Nevertheless, the District Judge found for the defendant on the ground that the plaintiff had no right to rely on the statement made to him by Weston. The District Judge stated in his opinion: "* * the law does not provide protection to an individual against a contract that he has improvidently or carelessly made in settlement for injuries suffered if, being of adult age, with a reasonable amount of education and intelligence and in possession of his normal faculties, he sees fit, in the absence of duress or pressure, to accept statements made by or on behalf of the person by whom he has been injured, the falsity of which he nevertheless could, by reasonable inquiry, have ascertained."
We believe that the District Judge's conception of the law in this respect is erroneous and that the proper rule is in accord with the view expressed by this Court in Bishop v. E. A. Strout Realty Agency, 4 Cir., 182 F.2d 503, 505. That was an action for deceit based on the fraudulent representations of a real estate agent concerning the depth of water at a fishing camp. In that case, Judge Parker said:
"We do not think that plaintiffs are precluded of recovery because they accepted and relied upon the representations of Davis as to the depth of the water without making soundings or taking other steps to ascertain their truth or falsity. The depth of the water was not a matter that was apparent to ordinary observation; Davis professed to know whereof he was speaking; and there was nothing to put plaintiffs on notice that he was not speaking the truth. There is nothing in law or in reason which requires one to deal as though dealing with a liar or a scoundrel, or that denies the protection of the law to the trustful who have been victimized by fraud. The principle underlying the caveat emptor rule was more highly regarded in former times than it is today; but it was never any credit to the law to allow one who had defrauded another to defend on the ground that his own word should not have been believed. The modern and more sensible rule is that applied by the Court of Appeals of Maryland in Standard Motor Co. v. Peltzer, 147 Md. 509, 510, 128 A. 451, where it was held not to be negligence or folly for a buyer to rely on what had been told him. This is in accord with the modern trend in all jurisdictions which is summed up in A.L.I. Restatement of Torts, sec. 540 as follows:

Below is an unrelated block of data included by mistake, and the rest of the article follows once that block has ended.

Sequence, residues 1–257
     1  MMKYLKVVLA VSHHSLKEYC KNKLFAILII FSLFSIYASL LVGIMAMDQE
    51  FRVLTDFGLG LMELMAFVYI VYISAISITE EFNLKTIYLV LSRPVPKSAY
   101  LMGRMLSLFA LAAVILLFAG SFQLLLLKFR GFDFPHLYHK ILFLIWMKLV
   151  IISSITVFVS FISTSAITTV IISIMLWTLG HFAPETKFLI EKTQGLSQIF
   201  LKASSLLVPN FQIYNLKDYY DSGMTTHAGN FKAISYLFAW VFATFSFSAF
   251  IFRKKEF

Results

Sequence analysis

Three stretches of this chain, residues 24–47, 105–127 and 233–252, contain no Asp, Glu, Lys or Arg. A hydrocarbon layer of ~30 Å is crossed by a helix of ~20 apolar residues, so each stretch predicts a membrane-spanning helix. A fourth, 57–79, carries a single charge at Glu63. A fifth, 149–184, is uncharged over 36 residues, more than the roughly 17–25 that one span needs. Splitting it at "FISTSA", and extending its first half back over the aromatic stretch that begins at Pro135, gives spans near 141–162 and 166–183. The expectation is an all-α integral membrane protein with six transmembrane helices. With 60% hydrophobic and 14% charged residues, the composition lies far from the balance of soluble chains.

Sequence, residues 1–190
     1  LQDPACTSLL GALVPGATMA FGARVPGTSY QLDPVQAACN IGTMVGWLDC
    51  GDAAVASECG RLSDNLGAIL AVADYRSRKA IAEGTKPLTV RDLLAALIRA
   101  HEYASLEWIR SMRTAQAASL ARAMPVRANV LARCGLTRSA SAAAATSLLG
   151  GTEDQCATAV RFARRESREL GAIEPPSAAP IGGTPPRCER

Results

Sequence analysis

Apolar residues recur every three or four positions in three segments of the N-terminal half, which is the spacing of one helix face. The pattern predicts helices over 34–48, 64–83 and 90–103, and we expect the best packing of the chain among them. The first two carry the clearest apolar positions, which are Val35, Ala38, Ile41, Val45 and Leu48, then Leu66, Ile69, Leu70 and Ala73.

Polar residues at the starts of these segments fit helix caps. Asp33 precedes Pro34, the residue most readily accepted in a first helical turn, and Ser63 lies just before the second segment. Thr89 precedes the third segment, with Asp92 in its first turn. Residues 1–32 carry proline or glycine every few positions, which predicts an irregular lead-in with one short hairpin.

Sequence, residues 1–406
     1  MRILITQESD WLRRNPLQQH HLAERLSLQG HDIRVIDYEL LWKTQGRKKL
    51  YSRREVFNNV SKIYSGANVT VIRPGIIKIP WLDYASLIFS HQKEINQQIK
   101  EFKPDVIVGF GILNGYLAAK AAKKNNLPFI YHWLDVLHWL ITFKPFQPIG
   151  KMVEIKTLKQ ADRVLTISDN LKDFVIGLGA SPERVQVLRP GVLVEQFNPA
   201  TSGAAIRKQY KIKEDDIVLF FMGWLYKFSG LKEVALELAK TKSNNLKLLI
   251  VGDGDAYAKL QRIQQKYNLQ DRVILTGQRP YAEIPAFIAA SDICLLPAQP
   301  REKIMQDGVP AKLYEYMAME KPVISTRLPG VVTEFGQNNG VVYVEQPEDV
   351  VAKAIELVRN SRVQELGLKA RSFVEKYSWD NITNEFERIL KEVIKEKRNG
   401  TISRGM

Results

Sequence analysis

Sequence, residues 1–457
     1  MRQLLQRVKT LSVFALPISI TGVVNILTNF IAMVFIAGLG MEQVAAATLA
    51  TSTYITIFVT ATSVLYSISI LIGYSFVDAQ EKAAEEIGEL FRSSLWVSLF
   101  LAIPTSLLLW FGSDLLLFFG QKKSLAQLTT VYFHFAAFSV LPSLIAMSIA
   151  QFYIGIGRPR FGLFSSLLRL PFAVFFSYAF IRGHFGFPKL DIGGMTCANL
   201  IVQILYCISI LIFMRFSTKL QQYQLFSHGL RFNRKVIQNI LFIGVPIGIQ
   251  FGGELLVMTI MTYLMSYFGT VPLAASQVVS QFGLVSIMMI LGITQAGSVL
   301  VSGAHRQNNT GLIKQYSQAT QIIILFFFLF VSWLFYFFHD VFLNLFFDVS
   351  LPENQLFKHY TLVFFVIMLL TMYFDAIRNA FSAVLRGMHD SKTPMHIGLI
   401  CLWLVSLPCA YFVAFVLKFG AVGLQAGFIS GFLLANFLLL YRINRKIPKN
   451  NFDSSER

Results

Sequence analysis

"`The recipient in a business transaction of a fraudulent misrepresentation of fact is justified in relying upon its truth, although he might have ascertained the falsity of the representation had he made an investigation.'" (Italics ours.)
In McGrath v. Peterson, 127 Md. 412, 96 A. 551, 553, the Court of Appeals of Maryland set out an even more liberal rule in regard to avoiding contracts for fraud than obtains in the case of an action for deceit, stating that: "In an action by one party against the other to enforce the contract, a plea of fraud may be sustained, even though the defendant may have been wanting in ordinary prudence in relying on the other's representations as to the tenor or contents of the writing."